And finally – exclusions, approvals, and what constitutes a breach of contract.
How do you avoid getting ripped off or having a contractor/worker take advantage of you? Do you have any rules on what constitutes red flags?
- A vague contract is a certain red flag. All steps and expectations should be clarified with confidence on the contract and a detailed scope of work should be provided and approved prior to signing any contract.
- Always check your contractor’s references. Contractors who are transparent have no problem sharing their references and reviews.
- In general, never assume that the lowest bid is the best bid. There OFTEN can be hidden costs which is why it is imperative that you clarify what your contractor will be providing and request that he provides you with a breakdown of services and complete scope of work.
When doing a complete gut renovation how much time does the non-visual part take in comparison to the exciting finishes and design?
The longest and most tedious, technical, and administrative project work happens during the front loading portion of any project prior to construction. This is the time when the project and site data is gathered, reviewed, and analyzed, and where the exciting design work is presented and revised; the architectural and construction documents are generated at this time, and budgets are created for the bidding and the negotiating phase begins; and finally, site preparation begins and permits are obtained.
During the construction phase, there are many exciting surges and also many moments where things take longer than one might expect. This can cause the homeowner to feel panic. The best solution is always communication. I can tell you this… It looks worse before it looks better. In percentages, it is about 60% non-visible and 40% visible throughout the process.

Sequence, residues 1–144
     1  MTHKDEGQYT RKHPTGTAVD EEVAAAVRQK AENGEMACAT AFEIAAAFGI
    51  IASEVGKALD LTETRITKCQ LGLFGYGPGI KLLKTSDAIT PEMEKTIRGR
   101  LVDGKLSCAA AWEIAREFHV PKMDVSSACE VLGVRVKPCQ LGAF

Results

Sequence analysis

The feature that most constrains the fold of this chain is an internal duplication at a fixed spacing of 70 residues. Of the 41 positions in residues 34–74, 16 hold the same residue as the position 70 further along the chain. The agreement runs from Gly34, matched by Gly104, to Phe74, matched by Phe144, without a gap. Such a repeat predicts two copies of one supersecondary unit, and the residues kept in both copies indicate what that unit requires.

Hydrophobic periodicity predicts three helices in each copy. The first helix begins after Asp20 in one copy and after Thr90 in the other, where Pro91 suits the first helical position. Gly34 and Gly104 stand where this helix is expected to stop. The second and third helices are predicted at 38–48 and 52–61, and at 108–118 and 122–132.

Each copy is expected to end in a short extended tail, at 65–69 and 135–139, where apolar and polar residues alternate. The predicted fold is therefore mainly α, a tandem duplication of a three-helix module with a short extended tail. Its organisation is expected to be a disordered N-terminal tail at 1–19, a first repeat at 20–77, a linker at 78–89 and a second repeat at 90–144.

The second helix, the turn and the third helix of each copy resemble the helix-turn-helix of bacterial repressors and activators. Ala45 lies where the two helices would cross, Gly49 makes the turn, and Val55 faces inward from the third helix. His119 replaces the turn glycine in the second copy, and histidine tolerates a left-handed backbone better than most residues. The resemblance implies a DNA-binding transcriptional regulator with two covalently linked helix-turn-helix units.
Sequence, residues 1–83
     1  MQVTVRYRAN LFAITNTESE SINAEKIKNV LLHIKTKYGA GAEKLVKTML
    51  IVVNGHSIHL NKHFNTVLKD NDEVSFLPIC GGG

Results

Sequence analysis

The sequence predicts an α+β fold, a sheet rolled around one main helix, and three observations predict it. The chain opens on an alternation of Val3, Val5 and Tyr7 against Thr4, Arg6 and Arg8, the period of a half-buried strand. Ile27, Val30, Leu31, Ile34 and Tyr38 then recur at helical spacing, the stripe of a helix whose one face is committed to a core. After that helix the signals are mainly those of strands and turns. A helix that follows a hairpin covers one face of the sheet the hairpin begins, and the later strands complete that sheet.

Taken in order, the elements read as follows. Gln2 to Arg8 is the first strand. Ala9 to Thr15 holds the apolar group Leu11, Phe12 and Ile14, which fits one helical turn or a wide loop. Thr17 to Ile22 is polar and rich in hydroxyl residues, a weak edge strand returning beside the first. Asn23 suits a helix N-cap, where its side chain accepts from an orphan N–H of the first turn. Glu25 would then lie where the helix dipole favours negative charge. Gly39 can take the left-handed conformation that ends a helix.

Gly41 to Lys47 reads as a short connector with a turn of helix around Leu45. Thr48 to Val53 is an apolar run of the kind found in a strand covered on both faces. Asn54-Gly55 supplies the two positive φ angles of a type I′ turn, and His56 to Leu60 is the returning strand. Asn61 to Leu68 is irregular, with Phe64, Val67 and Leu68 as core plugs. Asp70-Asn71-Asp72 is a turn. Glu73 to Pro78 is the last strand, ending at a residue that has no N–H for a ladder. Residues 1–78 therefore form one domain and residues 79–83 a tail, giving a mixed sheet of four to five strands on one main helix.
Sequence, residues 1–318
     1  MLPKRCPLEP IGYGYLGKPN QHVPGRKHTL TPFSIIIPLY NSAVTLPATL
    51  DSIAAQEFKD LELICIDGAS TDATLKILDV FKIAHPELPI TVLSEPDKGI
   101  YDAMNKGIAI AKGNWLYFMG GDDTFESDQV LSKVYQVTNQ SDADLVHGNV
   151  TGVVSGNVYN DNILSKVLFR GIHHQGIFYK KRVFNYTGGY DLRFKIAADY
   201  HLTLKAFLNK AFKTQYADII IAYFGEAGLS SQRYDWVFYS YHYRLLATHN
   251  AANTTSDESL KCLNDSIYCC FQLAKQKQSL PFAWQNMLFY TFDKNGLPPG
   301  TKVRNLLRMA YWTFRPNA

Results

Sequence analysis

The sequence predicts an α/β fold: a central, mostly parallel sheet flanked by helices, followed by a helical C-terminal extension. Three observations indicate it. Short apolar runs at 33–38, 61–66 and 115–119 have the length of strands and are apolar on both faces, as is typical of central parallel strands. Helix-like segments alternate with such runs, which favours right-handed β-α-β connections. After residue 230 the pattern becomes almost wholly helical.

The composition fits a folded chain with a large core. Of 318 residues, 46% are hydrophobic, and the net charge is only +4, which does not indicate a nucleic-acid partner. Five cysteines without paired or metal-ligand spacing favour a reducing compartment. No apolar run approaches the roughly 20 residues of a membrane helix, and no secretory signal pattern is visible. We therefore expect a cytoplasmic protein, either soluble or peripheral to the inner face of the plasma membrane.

What is the most common reason for delays in renovations?
- The lack of information and communication between the client and the team.
- The lack of timely approvals by the client.
- The lack of proper project administrative and timeline management and oversight, especially when it comes to contract payments to the contractors.
What are some commonly seen design features in magazines that actually take a lot of labor or are costly?
- A very popular design element on our client’s wishlists lately is the staircase and railing. These are seemingly straightforward design and construction features that are custom and costly.
- Metal roof and solar panels – always a great idea, but are a very costly investment.
Do you recommend solid wood, engineered or laminate flooring?
High-quality well-engineered wood flooring is highly recommended and the preferred option. High quality here though is KEY, especially when it comes to your location’s climate and moisture fluctuations. High quality engineered wood flooring can keep your floors looking beautiful for MANY years to come.
What are some other lessons, either in the technicalities of design or the process of taking on a renovation, that you’ve learned along the way?
One of the most important things I have learned in my many years in the interior design and construction business is how misled the general public is when it comes to understanding the TRUE costs and timeline of a project, and even more important, the TRUE value of hiring professionals. We spend countless hours informing and educating our clients as to these costs upfront; at times even prior to signing any contracts. Many of the general costs associated with most remodeling projects are simply not glamorous enough for media and in the end, the consumer can experience sticker shock.
Finally, We NEVER work without a time and budget contingency. Ever. Typically, we are able to reconcile the contingency towards the very end of the project and actually have a surplus which is returned to the client. So build in those project discretionary funds and days in order to help maintain project momentum and timeline.
Check out our slideshow to see some of Laura’s completed projects!